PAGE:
Carl Gustav Jung put forth the theory of "temporally coincident occurrences of acausal events."
In my years on this planet, I have observed that the more deeply in-tuned one is with this so-called life, the more often these "occurrences"...well...occur.
Recent case in point that spawned this rant.
I was watching 30th Century Man the other night (the 2006 film about singer & musickian Scott Walker né Noel Scott Engel, once a part of the Walker Brothers...the fact that they were not brothers & were not Walkers was very kool).
The movie made me think of the Walker Brothers third & final album, Nite Flights, & that I had not heard it for a long while, which I soon remedied. As I was listening to it, I was thinking...what a perfect piece of musick. I know that the Brothers, especially Scott, had become increasingly less enthralled by the bands TeenScene image & that rather than being a unified effort, Nite Flights was in fact separate showcases for where each Brother was at at that juncture in time. However, I am greatly at odds with most reviews of this work.
(example - "Actually the first four tracks are the only ones worth mentioning - the 6 after were composed by the other two members, the whole a very disjointed reunion album. Considering, the last tracks might have made for a decent album on its own, but Mr. Scott's compositions cast a very large shadow on everything around him..." )
Most heap on the praise, justifiably, for the first four tracks by Scott, & more often than not relegate the remainder of the songs to the cut-out bin. I personally believe that all the songs are best when viewed as whole cloth. While no cuts here come close to the power of Scott's "The Electrician",
(another critic - "But the real darkness descends with The Electrician. A nightmare evocation of US-backed torture squads in South America, this dialogue between torturer and tortured is part intense humming of evil, part south American getaway holiday theme - and if you want to gauge how far the group had come from the clean-cut romance of their '60s glory years, this is the song to go to [in the face of this uniqueness, it's probably unfair to compare the six songs included here by other two Brothers John and Gary]")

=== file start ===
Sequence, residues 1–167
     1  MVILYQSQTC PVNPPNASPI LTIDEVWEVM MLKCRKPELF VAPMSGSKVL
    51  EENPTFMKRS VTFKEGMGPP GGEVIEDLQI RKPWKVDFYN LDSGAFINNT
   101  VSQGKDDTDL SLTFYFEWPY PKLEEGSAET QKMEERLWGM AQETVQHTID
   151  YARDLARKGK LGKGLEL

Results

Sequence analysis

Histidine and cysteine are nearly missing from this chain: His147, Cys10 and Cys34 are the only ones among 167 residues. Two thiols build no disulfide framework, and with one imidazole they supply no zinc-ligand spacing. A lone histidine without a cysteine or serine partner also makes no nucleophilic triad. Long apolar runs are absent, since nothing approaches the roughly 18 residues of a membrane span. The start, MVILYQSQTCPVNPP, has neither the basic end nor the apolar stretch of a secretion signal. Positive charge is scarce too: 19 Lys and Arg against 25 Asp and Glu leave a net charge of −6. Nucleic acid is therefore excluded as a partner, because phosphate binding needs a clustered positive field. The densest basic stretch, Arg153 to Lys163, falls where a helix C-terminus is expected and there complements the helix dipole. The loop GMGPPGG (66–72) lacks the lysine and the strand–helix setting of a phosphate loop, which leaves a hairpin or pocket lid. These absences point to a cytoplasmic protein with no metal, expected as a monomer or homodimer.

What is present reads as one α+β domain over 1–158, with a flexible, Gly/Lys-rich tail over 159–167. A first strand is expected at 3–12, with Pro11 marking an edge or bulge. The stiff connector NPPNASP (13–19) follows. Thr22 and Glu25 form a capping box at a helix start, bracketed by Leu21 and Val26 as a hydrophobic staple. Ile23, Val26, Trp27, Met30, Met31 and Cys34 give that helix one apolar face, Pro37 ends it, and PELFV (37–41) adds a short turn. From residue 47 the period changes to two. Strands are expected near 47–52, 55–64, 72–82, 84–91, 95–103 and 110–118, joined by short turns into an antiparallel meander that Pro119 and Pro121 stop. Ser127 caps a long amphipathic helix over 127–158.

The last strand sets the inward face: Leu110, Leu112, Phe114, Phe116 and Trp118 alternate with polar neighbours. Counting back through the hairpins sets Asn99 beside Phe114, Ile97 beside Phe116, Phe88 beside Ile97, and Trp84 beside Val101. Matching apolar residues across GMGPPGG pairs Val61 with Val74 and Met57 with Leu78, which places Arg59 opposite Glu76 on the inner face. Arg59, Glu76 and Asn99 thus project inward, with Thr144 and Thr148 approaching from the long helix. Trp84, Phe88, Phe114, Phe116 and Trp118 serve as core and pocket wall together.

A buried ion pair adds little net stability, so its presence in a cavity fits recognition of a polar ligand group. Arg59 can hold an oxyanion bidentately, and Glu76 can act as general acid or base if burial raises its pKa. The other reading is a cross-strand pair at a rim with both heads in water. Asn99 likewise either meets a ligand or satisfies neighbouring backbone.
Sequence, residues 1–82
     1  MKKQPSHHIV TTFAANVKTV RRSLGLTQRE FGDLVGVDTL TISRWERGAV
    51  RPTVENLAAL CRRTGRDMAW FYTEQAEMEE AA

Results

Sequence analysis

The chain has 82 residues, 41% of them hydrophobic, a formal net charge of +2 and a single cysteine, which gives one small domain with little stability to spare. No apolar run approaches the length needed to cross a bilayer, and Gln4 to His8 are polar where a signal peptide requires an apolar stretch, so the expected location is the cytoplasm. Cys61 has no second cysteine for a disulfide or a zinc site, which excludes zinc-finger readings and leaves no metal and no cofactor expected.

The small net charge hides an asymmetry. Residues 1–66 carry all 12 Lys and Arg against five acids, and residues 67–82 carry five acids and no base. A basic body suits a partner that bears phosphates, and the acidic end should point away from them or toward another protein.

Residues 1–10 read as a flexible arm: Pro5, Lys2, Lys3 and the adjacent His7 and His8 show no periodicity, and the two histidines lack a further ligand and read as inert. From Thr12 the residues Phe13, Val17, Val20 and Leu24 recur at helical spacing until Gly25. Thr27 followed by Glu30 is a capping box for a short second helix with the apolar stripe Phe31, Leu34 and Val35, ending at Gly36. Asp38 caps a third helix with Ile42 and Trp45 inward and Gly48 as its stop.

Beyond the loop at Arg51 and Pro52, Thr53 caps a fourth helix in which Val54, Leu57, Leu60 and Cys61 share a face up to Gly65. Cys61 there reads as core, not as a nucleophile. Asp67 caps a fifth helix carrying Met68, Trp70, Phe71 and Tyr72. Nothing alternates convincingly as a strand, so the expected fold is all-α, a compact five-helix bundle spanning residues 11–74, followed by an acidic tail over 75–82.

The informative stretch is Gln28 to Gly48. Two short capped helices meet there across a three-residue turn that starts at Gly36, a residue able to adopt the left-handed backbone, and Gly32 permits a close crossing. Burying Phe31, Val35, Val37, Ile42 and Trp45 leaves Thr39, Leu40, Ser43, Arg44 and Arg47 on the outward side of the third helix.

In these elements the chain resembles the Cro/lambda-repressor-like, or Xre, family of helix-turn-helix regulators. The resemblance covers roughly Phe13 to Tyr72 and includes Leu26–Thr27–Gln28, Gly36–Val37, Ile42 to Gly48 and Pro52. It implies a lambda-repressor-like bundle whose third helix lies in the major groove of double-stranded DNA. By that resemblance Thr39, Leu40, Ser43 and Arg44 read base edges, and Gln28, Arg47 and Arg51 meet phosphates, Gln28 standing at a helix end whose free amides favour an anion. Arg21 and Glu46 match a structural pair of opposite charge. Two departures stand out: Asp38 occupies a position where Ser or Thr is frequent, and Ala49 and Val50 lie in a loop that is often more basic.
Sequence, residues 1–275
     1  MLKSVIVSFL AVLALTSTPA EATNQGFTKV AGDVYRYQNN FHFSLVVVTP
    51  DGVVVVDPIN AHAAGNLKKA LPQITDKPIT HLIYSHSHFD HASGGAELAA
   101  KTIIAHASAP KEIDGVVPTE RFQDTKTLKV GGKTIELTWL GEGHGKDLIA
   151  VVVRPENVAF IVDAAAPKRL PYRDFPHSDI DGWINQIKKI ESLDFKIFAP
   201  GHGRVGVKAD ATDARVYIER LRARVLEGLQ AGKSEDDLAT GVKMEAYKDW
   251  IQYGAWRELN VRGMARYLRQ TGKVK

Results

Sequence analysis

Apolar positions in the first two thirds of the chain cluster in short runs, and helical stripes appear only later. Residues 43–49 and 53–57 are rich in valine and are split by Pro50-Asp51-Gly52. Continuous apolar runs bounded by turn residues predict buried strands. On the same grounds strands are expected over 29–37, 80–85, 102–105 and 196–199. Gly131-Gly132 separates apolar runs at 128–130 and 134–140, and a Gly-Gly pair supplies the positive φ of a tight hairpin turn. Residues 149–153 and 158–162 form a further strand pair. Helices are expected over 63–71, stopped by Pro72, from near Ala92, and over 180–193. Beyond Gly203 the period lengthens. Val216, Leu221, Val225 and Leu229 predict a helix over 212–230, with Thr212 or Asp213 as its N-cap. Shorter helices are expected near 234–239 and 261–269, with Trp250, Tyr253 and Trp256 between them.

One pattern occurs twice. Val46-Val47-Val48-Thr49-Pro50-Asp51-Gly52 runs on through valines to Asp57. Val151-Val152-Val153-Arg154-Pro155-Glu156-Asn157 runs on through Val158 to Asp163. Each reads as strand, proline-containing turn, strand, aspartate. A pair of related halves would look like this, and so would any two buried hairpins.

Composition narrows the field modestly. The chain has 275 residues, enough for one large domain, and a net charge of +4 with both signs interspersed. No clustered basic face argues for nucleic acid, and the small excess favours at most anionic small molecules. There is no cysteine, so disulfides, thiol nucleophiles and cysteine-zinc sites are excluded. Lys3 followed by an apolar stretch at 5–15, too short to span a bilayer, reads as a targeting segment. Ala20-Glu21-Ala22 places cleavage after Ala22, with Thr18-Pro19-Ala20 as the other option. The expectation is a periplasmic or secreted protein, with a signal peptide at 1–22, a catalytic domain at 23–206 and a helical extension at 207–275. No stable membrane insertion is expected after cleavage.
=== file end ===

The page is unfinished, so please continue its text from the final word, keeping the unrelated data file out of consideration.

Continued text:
I have always appreciated every song. I am particularly partial to the last four songs, penned by John (Joseph Maus) Walker. The darkness of the titles juxtaposed with the emotion of the contents always worked for me.
This ruminating reminded me of Phallus Dei’s last release, A Day in the Life of Brian Wilson, which featured the vocals of John Walker on two of the best tracks. I had been wanting to post it up since it came out last year (in fact I had a copy of the cd in 2009)(I had done a post about it & put up one song)(it is in such limited release that I hardly see it available to purchase or otherwise).
I decided that I would post both titles using the Walker connection as my jumping off point. I went on the Phallus Dei site to check on the availability of ADITLOBW (I know the South Park punks say “Phallus Dei Sucks!”). On the site was an announcement, as follows:
"John Walker, one of the founders of the famous The Walker Brothers, lost his fight with liver cancer and passed away on Saturday, May 7th in his house in San Franciso. The music world has lost a great talent, a fantastic musician and a good friend. It was such a great honour to have worked with this great musician. We will sadly miss him. Rest in Peace, John. "
So here to change your lives, kiddies, are two aural orgasms. Don’t tell your parents I give you this stuff.
The Walker Brothers - Nite Flights, GTO (UK) GTLP 033, 1978.
decryption code in comments
decryption code in comments
Side One -
Fat Mama Kick
[tracks A1 - A4 by Scott (Engel) Walker]
Death of Romance
Side Two -
[tracks A5 + B1 by Gary (Leeds) Walker]
Rythyms of Vision
Disciples of Death
Fury & the Fire
Child of Flames
[tracks B2 - B5 by John (Maus) Walker]
Enjoy & never forget,